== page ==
Jessica A. Chittenden|
June 22, 2009
New Organic Vegetable Production Guides Now Available
Guides Assist Farmers who are Transitioning to Organic; Selling to Processors
New York State Agriculture Commissioner Patrick Hooker today announced the availability of organic production guides for growers of certain vegetable crops. The new guides provide information for farmers on how to grow organic carrots, peas, snap beans, and cucurbits, which includes winter squash and cucumbers, for the processing sector.
“There is a growing interest from food processors here in New York State to procure local and organically grown vegetables,” the Commissioner said. “We also have farmers who are seeking to transition to organic production and are in need of specific information on how to grow certain crops. These production guides were developed in response to both of those desires and are the first in what we hope will be a series of useful and practical production guides for those seeking to transition into organic.”
These new production guides provide an overall approach for organic production of the specified crops. With limited pest control products available for use in organic production systems, these guides offer commercial vegetable producers organic integrated pest management (IPM) techniques for four major processing vegetable crops. IPM techniques such as keeping accurate pest history records, selecting the proper site, and preventing pest outbreaks through use of crop rotation, resistant varieties and biological controls are all components of successful organic and IPM management techniques. The guides may be downloaded at http://nysipm.cornell.edu/organic_guide/.
Donald A. Rutz, Ph.D., Director of the New York State IPM Program, said, “The fundamentals of organic and IPM production practices are so similar that coordinating the development of these guides is a natural extension of our New York State IPM Program activities. There is a lot of valuable information for organic growers at Cornell; assembling it in one place, identifying gaps, and searching for what’s been developed in other states provides growers with the best information available now and also identifies areas where research is needed. And, like Commissioner Hooker, we enthusiastically look forward to expanding these partnerships to cover all aspects of organic agriculture in New York in the future.”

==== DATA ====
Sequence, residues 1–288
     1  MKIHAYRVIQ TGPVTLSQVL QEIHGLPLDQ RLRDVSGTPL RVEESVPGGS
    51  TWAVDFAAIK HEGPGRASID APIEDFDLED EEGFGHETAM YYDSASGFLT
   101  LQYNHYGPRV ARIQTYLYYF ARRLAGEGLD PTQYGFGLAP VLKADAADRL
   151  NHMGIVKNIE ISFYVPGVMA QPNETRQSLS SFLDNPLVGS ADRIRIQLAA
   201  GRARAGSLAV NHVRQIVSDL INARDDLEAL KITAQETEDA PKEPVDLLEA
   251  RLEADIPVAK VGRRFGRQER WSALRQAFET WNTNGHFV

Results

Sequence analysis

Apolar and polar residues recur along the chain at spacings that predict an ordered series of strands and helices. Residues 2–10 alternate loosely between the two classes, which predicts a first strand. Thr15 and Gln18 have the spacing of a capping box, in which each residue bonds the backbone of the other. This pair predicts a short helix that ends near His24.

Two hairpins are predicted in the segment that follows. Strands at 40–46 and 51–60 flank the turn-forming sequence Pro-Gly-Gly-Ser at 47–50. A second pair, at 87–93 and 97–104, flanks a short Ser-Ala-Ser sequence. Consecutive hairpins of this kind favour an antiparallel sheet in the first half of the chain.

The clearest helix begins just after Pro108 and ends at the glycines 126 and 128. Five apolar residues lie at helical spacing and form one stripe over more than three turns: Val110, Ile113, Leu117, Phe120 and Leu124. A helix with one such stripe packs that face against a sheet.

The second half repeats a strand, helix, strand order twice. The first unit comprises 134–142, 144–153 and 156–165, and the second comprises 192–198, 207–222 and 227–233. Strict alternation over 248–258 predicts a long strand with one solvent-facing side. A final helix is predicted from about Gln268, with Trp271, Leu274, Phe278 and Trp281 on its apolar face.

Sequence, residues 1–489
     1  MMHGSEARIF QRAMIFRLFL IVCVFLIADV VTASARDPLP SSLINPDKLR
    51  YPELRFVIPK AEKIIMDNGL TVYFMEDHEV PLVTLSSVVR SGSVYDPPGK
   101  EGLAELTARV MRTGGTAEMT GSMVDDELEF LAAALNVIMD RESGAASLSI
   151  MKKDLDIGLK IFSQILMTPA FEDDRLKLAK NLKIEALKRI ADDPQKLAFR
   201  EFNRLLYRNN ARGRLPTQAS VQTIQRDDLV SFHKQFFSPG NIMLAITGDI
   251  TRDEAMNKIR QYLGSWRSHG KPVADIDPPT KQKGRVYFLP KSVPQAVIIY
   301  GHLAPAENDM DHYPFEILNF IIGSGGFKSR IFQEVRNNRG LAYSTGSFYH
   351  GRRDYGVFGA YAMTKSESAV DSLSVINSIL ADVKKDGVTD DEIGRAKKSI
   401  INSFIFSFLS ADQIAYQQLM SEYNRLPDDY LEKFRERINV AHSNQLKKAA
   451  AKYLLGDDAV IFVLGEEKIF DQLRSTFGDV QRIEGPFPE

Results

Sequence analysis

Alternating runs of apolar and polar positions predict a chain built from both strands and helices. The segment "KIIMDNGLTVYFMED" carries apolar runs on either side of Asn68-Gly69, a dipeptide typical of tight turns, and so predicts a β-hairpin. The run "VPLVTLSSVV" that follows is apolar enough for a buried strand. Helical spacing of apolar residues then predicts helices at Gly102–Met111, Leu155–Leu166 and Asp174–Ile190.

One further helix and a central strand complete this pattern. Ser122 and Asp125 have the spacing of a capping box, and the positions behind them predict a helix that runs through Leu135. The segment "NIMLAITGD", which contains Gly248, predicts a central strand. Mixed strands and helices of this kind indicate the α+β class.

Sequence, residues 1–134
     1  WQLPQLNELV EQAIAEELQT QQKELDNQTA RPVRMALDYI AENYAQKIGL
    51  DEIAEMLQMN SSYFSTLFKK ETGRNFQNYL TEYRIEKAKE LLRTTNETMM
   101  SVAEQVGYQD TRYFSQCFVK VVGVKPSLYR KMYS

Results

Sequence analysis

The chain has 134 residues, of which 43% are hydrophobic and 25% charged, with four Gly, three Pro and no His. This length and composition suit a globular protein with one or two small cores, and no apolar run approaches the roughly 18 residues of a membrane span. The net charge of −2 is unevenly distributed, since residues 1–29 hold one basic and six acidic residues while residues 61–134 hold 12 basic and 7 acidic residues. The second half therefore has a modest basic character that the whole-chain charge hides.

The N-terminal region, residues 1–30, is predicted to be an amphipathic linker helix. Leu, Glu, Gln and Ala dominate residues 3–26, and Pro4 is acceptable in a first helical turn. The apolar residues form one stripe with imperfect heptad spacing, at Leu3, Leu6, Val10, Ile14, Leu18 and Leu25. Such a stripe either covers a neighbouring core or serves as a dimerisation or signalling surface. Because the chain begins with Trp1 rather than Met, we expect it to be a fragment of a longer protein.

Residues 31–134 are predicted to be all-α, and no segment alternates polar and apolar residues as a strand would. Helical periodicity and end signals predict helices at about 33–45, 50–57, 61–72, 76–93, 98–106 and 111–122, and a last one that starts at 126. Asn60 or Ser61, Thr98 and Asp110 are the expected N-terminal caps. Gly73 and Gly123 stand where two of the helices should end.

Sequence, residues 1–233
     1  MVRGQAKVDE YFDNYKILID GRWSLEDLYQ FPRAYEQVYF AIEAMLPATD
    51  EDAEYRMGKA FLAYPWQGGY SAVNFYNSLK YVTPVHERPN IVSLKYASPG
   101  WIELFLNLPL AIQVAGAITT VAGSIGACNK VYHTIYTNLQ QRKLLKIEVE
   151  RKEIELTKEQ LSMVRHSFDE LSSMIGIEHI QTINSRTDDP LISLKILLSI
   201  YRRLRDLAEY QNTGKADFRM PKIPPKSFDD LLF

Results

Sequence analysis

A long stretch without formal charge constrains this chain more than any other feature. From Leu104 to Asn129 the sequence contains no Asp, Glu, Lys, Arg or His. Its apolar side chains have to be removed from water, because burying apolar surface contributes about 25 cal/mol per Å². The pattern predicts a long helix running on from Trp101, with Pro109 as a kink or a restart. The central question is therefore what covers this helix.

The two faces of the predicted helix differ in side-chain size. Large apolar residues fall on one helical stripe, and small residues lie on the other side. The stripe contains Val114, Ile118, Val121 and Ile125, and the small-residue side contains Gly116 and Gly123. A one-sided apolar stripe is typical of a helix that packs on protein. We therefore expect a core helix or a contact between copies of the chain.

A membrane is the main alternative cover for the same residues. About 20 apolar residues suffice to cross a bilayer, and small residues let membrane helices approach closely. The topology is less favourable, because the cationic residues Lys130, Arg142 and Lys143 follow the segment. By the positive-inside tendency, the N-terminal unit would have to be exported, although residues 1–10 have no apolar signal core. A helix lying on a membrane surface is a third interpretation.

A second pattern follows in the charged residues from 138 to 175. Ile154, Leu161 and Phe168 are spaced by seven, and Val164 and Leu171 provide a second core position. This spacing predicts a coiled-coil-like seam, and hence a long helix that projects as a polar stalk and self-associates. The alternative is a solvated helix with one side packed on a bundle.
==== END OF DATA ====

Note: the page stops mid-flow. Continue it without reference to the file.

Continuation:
Development of the guides was funded in part by the New York State Department of Agriculture and Markets’ Organic Development and Assistance Program, and coordinated by the New York State Integrated Pest Management Program with contributions from 19 professionals at Cornell University and Cooperative Extension. Depending on their expertise, professionals provided input on soil fertility recommendations, crop rotations to prevent pests and disease incidence, and specific strategies to address common crop problems.
While the motivation behind these guides was to fulfill the demands of the processing sector, they may also serve as a useful resource for producers growing for the fresh market.
New York State ranks among the top ten states in the country for the number of organic farms. In 2007, the U.S. Census identified 1,027 organic farms in New York State with nearly 121,000 acres in production, although only 736 farms are known to be certified organic. Organic dairy farms are the largest segment of the organic farm community in New York State with nearly 400 farms. The Census also found that 562 farms were transitioning another 30,687 acres to organic production.
2009 Press Releases